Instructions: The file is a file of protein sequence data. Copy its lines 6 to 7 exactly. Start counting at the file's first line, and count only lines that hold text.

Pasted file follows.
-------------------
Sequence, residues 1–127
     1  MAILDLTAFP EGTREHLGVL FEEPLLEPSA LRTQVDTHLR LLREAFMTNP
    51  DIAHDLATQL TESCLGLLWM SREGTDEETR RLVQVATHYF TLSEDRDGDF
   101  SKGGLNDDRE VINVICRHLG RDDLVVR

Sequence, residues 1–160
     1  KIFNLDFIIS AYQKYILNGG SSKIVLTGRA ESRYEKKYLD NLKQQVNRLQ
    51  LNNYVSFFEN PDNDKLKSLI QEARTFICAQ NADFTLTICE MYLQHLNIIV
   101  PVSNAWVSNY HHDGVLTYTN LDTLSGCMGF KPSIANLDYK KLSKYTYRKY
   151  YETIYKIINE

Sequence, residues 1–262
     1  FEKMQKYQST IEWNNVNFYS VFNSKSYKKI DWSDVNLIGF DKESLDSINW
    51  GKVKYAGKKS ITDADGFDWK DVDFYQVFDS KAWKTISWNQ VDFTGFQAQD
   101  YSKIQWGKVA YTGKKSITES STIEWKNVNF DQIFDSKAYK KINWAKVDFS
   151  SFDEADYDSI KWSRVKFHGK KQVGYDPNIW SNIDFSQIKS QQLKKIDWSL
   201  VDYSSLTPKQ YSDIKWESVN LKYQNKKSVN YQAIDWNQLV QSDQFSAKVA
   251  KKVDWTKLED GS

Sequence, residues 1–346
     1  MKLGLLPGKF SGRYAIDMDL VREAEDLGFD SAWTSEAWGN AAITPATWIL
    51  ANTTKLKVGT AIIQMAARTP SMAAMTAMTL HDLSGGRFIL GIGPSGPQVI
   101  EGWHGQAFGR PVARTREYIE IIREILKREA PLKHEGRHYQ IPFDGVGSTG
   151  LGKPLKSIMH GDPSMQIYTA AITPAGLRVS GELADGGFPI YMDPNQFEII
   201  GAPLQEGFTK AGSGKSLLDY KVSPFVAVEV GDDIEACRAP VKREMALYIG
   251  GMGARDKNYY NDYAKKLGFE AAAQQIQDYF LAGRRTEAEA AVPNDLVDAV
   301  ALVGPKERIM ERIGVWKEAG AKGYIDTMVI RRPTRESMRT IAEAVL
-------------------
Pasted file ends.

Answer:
     1  KIFNLDFIIS AYQKYILNGG SSKIVLTGRA ESRYEKKYLD NLKQQVNRLQ
    51  LNNYVSFFEN PDNDKLKSLI QEARTFICAQ NADFTLTICE MYLQHLNIIV